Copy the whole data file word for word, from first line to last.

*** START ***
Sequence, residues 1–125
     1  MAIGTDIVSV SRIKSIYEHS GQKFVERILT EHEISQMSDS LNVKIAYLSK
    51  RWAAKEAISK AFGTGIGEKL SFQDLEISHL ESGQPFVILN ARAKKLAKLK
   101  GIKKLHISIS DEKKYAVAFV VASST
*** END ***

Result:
Sequence, residues 1–125
     1  MAIGTDIVSV SRIKSIYEHS GQKFVERILT EHEISQMSDS LNVKIAYLSK
    51  RWAAKEAISK AFGTGIGEKL SFQDLEISHL ESGQPFVILN ARAKKLAKLK
   101  GIKKLHISIS DEKKYAVAFV VASST